Goodbye battery, hello fuel cell

As a small pack of battery-powered cars is put to sleep, new fuel cells make possible zero-emissions vehicles that really do hum.

Topics: Electric Cars, Auto Industry,

The battery-powered car has died several deaths in the last 10 months, due to a lack of range, speed and power and an acute sales deficiency. A spokesman for General Motors said the EV1, which was put to sleep this month, had been “a valuable experiment.”

Meanwhile, deep in clean, green British Columbia, Firoz Rasul is revving up the power for a next-generation, environmentally hip automobile. An amiable 47-year-old Kenyan of Persian descent, with an engineering degree from the University of Hertfordshire and a McGill MBA, he’s a walking ad for globalism — and the CEO of Ballard Power Systems, the world’s leading maker of automotive fuel cells. Backed by a stock price that has doubled since Christmas, he’ll happily tell you why the seeming triumph of Titanic SUVs swilling buck-a-gallon gas may not be the final act in the automotive story. “The Stone Age” he reminds us, “didn’t end for a lack of stone.”

Time out for a quick electrochemistry lesson: the fuel cell. Hydrogen (H) and oxygen (O) go in one side; H20 and electric power come out the other. Quiet. Squeaky clean, as long as you don’t mind the odd puff of steam. With a bit more technology, you can even substitute methanol or propane for pure hydrogen. Fuel cells have been a next great thing since a tinkering English judge named William Grove put the first working model together in 1839. You just had to be NASA going to the moon or building a space shuttle to even think about it, because fuel cells were too expensive and heavy.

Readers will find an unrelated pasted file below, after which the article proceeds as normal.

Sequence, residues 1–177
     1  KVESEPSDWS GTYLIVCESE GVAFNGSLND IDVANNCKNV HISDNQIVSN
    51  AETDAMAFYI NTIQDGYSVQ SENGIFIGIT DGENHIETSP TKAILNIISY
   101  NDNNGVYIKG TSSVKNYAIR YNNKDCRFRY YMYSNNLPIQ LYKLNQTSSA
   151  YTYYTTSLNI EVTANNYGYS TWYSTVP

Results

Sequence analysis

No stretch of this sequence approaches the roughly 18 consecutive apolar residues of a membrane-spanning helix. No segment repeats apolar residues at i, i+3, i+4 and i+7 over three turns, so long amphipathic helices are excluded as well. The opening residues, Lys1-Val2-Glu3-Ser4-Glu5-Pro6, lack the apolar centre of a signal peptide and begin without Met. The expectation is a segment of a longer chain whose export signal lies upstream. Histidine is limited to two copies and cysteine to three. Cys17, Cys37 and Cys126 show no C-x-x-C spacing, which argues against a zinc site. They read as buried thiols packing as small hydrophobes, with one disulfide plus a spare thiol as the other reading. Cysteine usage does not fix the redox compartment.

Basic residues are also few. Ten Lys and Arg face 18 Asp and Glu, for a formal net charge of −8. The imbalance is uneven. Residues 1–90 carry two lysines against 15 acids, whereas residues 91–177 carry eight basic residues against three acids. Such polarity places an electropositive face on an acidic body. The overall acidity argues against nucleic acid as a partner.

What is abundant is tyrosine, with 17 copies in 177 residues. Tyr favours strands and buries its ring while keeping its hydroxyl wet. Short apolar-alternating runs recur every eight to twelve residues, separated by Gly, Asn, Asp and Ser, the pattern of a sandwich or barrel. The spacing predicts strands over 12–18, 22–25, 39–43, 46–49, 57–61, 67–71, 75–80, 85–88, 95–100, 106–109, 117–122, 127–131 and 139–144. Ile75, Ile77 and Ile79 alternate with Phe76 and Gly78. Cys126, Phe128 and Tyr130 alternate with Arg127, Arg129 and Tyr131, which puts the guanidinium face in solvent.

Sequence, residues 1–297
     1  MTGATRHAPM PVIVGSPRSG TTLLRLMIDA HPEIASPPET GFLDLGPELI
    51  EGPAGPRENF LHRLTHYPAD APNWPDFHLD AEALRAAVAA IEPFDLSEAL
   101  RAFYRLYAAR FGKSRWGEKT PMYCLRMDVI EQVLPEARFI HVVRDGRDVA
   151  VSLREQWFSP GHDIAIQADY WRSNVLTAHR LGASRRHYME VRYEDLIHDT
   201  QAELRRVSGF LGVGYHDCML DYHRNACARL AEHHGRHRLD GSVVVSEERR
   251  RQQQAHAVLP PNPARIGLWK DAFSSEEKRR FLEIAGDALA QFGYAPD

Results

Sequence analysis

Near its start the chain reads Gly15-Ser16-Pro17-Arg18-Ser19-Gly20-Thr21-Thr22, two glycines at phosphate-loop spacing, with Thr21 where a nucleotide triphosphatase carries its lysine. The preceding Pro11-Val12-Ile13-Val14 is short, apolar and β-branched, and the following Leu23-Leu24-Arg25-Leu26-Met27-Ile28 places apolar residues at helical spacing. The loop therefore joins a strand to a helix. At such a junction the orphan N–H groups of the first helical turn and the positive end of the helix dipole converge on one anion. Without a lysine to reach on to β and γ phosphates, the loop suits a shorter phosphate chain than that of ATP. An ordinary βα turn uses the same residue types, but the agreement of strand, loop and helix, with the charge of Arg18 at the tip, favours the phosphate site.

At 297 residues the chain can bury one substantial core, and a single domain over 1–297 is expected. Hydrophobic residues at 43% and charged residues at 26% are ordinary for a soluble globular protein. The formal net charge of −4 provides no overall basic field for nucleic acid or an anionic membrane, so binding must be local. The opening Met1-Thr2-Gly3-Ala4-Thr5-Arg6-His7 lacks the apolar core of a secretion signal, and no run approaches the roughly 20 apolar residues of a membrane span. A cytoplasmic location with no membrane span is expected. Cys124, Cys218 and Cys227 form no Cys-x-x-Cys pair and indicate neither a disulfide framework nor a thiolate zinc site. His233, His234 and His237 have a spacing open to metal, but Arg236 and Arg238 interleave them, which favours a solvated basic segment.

That was then. Today you can visit a little demo area at Ballard’s suburban Vancouver research lab and flick on a slick little hydrogen generator the size of a shoebox, connected to a high-intensity light; all you hear is the cooling fan. There’s also a portable TV/VCR combo and a nifty home backup generator that, as ideas at least, are pretty high on the coolness scale. And this month Ballard and Coleman Powermate, the Sunbeam subsidiary that makes generators and air compressors, announced that they’re teaming up on 50 different prototypes of portable power products.